On the international level, we see real strides being made by the OECD, which recently issued non-binding guidelines based on the overarching principle that online shoppers are entitled to effective consumer protections that are not less than they receive offline. The Guidelines offer building blocks to instill consumer confidence and give guidance to businesses about what are "best practices" online.
But, the Guidelines do not resolve the core questions of jurisdiction: What happens when a U.S. consumer buys from a seller located in a foreign country or a consumer in a foreign country buys in the U.S.? Whose laws apply and where does the consumer sue? There are pros and cons to the county-of-origin approach and country-of-destination approach. I know some businesses favor the certainty and security offered by allowing parties to choose the applicable law by contract, using the country-of-origin's laws as the default. A similar approach has worked well in the business-to-business context. At the same time, I have a sense that business appreciates that this is not now the case and is not a likely outcome in the business-to-consumer arena. Here, the purchasers may be less sophisticated and may have less incentive, given the high number of low-dollar transactions, to invest the time and money to negotiate protective terms. In addition, there are real concerns about encouraging a race to the bottom, where businesses have an incentive to operate in jurisdictions with weak consumer protections. Moreover, governments will not lightly pass off the responsibility of protecting their citizens to unfamiliar jurisdictions that offer lesser consumer protections. I suspect neither approach alone is likely to become the rule of law.
These jurisdictional and choice of law issues would be less troubling if we could reach international convergence on consumer protection laws. This is a difficult process. I am skeptical we will achieve broad, substantive convergence in the near future. Of course, bilateral treaties have been highly effective in the past and could complement multilateral efforts such as the OECD and the 29-country International Marketing Supervision Network.
We know from the FTC's workshop on international consumer protection issues last summer and work of the Global Business Dialogue on E-Commerce, among others, that industry representatives around the world are developing ways to address the concerns of online consumers. For example, I know that seal programs are evolving along with novel escrow and insurance plans.
At a minimum, and as recommended in the OECD Guidelines, Alternative Dispute Resolution ("ADR") processes can and should provide vehicles for redress and certainty at acceptable costs. The credit card companies already are resolving many Internet disputes through their chargeback system. Also, there is no reason ADR cannot be implemented using the Internet itself as the forum for resolution. This spring, the FTC and the Department of Commerce plan to host a workshop devoted exclusively to the applicability of ADR programs to online consumer transactions, which we hope will spur the development and use of ADR online.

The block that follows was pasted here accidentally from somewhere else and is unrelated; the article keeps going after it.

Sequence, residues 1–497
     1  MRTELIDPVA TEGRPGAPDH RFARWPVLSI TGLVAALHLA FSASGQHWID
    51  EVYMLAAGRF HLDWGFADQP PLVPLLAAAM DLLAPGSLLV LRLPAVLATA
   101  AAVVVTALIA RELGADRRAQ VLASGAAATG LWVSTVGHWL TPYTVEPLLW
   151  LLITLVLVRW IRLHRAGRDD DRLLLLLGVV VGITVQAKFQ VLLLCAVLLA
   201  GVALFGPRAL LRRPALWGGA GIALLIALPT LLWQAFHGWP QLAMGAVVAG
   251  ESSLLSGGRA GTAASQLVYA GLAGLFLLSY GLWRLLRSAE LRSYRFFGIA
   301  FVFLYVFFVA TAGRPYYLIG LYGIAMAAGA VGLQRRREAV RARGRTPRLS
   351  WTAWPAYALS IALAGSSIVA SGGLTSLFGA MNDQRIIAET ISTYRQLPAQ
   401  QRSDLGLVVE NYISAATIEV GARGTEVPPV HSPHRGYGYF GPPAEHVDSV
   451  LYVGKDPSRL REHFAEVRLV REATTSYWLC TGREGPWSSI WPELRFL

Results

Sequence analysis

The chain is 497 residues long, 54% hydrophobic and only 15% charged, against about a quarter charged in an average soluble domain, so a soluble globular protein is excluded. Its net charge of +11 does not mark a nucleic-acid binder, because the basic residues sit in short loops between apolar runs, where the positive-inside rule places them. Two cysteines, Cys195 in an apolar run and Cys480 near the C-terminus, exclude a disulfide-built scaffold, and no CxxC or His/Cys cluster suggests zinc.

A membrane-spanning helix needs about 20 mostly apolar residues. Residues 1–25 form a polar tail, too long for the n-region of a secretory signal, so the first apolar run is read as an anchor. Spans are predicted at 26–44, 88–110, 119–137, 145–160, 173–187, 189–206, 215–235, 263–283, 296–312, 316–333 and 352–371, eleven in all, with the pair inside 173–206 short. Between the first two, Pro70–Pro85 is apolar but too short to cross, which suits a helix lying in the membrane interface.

I know there are other initiatives underway to address international consumer protection issues. As we have seen in the context of online privacy, the question should not be framed in terms of private sector programs versus government regulation. Both will be needed to support the global market.
Let me sum up by noting the extraordinary opportunity presented to us. We are at the forefront of an international revolution and can take part in shaping it. I look forward to working with you in ensuring e-commerce is left alone to flourish but not neglected so that consumers and businesses are too uncertain or even afraid to venture into it.
1. Chairman of the United States Federal Trade Commission. The views expressed are my own and do not necessarily reflect the views of the Commission or other Commissioners.
2. Morgan Stanley Dean Witter, The Internet Company Handbook at 205 (June 1999).
3. Intelliquest Information Group, Inc. Worldwide Internet Tracking Service 4th Quarter Report (January 2000).
4. CommerceNet, CommerceNet Global Partners and Nua Lt., World Wide Statistics.
5. Jupiter Communications, Inc., Online Holiday Sales Hit $7 Billion, Consumer Satisfaction Rising (Jan. 13, 2000) (estimating Nov. and Dec. 1999 online sales of $7 billion, compared to $3.1 billion for those months in 1998) reported at www.jup.com/company/pressrelease.jsp?doc=pr000113).
7. Ernst & Young 1999 Post-Holiday Survey (covering 1300 Net users).
8. Internet Advertising Bureau 2nd Quarter 1999 Internet Ad Revenue Report.
9. CV-97-0726 (E.D.N.Y. filed Feb. 13, 1997).
10. No. 99-1367-A (E.D. Va. filed Sept. 14, 1999).
11. P&AB, Vol. 7, No. 1 (Jan. 2000) (summarizing results of The IBM-Harris Multi-National Consumer Privacy Survey (1999)) at 3, 11.
12. Business Week/Harris Poll: Online Insecurity, Business Week, Mar. 16, 1998 at 102.
13. Liberty Financial Cos., Inc., Docket No. C-3891 (Final Order Aug. 12, 1999); GeoCities, Docket No. C-3849 (Final Order Feb. 12, 1999).
16. The cookies technology allows a Web site server to place information about a consumer's visits to the site on the consumer's computer in a text file readable only to that Web site server. The cookie assigns each consumer a unique identifier so that the consumer can be recognized in later visits to the site. Advertisers are now able to assign a cookie to the computers of users who visit sites in advertising networks and to follow those users from site to site by reading information stored in that cookie at each site.
17. See supra note 11.